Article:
A grid of pipework covers all areas of the building to be protected with sprinkler heads fitted into them at regular intervals. Water for the system can be pumped from a storage cistern or taken directly from the town main (if it can provide sufficient pressure and flow). A sprinkler head will operate, either by the glass bulb bursting or solder melting, when the temperature is reached for the specific sprinkler head (usually 68C), which releases water onto the fire. The hot gases from a fire are usually enough to make it operate. Only the sprinklers over the fire operate. The others remain closed. This limits any damage to areas where there is no fire and reduces the amount of water discharged.

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Automatic Fire Sprinkler Systems


drop in pressure opens the valve and water flows into the pipework and through the activated sprinkler head onto the fire. Dry pipe systems are used where there is a risk of frost damage or the temperature exceeds 70C (e.g. drying ovens). It is strongly recommended that high hazard storage should not be protected by dry or alternate systems, since the delay in water getting into the pipework could impair the effectiveness of the system. Alternate As the name suggests, alternate systems can have the pipes full of water for the summer and be drained down and filled with air (under pressure) for the winter. This is important for buildings that are not heated. Pre-action Like dry pipe systems the pipework is filled with air but water is only let into the pipework when a detector operates (e.g. smoke detectors). Preaction systems are used where it is not acceptable to have the pipes full of water until there is a fire (e.g. computer suites).
Design and Installation Loss Prevention Subcommittee 1048 Scheme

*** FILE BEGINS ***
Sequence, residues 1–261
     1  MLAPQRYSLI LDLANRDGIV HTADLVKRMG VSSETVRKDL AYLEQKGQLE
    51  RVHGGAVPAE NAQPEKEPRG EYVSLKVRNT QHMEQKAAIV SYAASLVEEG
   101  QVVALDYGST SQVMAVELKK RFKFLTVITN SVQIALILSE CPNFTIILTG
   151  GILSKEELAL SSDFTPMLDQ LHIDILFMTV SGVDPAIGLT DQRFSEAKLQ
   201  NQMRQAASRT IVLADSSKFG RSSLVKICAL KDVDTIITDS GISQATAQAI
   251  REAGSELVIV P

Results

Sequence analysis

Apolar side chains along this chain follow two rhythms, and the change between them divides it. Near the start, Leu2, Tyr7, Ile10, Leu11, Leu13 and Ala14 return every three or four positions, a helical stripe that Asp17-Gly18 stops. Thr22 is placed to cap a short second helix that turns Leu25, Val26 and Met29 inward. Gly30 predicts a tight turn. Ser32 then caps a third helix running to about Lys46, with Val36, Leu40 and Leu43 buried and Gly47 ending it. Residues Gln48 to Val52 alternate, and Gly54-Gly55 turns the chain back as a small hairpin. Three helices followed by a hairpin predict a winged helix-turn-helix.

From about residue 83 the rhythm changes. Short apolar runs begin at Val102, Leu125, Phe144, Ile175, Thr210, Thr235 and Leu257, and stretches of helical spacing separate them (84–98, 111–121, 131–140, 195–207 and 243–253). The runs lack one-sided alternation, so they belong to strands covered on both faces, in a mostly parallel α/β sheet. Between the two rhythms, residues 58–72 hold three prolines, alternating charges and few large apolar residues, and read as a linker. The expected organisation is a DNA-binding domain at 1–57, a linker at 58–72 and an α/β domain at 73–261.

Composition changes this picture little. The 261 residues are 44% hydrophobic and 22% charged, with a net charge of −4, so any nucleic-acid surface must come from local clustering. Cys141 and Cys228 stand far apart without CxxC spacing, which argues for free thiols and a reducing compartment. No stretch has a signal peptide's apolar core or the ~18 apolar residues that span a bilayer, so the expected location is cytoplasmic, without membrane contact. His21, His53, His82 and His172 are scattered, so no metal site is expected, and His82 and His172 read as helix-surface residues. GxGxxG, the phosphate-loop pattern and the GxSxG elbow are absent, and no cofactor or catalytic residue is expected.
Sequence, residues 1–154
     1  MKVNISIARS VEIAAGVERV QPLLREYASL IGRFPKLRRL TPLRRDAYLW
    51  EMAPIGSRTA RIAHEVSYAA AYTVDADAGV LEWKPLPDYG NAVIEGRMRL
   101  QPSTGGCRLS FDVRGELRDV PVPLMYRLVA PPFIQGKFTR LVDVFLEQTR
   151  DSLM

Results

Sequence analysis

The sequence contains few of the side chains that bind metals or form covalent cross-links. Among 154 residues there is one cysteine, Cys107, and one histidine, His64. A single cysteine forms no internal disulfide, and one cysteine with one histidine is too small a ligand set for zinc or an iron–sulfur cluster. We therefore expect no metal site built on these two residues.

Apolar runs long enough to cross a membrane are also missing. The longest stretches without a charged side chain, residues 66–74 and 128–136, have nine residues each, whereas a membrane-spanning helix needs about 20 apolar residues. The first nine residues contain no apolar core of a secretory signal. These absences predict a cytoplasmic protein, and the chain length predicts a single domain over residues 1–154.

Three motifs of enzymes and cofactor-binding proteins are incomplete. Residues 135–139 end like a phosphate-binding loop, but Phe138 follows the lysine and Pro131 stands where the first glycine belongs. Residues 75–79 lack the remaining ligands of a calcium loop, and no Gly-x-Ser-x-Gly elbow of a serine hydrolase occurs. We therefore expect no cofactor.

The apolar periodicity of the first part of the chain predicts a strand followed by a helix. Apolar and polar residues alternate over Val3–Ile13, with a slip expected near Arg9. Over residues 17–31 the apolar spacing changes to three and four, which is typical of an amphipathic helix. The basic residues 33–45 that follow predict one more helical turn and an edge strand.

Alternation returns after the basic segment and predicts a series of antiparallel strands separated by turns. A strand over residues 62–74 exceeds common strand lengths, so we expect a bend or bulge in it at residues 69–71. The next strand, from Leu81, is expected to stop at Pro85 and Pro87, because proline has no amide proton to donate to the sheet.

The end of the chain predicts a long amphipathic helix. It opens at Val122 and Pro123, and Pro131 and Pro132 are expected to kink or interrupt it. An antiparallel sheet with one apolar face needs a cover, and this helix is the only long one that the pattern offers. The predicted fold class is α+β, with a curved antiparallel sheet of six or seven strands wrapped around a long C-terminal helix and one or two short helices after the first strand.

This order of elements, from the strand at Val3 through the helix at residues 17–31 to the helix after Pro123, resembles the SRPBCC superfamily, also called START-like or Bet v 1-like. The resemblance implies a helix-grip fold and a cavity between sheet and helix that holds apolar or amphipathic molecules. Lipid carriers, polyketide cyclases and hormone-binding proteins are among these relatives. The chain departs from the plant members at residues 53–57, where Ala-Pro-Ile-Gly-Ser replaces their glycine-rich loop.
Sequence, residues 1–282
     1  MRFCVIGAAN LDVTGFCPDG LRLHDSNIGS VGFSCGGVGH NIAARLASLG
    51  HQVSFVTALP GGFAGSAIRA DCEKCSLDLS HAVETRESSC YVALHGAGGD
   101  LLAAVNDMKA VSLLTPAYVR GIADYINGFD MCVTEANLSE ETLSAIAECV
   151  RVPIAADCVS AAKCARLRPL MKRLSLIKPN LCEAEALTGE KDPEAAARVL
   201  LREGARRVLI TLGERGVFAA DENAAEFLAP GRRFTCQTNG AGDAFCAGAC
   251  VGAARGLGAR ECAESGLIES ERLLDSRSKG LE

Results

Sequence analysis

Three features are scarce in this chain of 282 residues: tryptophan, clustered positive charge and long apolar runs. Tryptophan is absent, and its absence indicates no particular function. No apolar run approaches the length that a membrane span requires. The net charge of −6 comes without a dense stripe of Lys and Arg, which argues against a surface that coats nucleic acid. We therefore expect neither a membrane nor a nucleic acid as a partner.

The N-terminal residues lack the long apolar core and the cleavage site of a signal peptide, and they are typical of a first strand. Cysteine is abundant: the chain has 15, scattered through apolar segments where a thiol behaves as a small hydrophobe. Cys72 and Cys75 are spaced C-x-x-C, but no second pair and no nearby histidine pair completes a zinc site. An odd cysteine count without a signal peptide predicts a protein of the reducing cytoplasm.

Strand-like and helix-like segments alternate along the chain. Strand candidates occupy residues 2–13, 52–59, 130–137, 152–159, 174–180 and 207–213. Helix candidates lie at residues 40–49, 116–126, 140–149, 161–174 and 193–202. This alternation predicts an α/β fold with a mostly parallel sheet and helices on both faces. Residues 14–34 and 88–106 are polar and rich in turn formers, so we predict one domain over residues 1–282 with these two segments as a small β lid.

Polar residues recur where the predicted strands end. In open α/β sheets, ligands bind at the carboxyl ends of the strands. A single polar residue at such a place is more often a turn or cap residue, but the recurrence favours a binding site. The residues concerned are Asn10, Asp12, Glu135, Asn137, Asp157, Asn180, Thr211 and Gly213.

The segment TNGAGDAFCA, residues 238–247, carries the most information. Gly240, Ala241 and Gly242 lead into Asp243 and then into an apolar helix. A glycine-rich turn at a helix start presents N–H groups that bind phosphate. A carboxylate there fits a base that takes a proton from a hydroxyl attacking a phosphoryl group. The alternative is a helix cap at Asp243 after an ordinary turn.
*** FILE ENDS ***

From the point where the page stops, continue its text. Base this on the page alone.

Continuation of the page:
To qualify for insurance discounts on sprinklered premises, all installations must be designed and installed by approved contractors. The names of such companies, who have been audited and assessed by the Loss Prevention Certification Board (LPCB) as being competent, can be found in the Red Book (List of Approved Fire and Security Products and Services) published by BRE Certification Ltd. The standards require routine maintenance and checks to be carried out by the user or installer of a sprinkler system. Details of these routines weekly, monthly, quarterly, half-yearly, yearly, three-yearly, 10-yearly and 25-yearly, are to be found in the Standards. It is important to note that a certificate of conformity only remains valid whilst a maintenance contract is in place. There are also procedures set out in TB203 relating specifically to planned maintenance. To ensure the effectiveness of a system it must be properly designed, installed and maintained in accordance with the aforementioned Standards. The independently accredited LPCB publishes standards for sprinkler systems incorporating British standards. If a system is put in by a company approved by the LPCB, it can be given a certificate of conformity to confirm that it is correctly installed. Certificates of conformity are proof that a system meets the professional standards of performance and quality. Only installers recognised by the LPCB can put in systems and issue their certificate of conformity. The certificate is proof to fire brigades, local authorities and insurance companies that the system meets the sprinkler rules. It is also third-party verification for the owner that the system runs to the correct standard.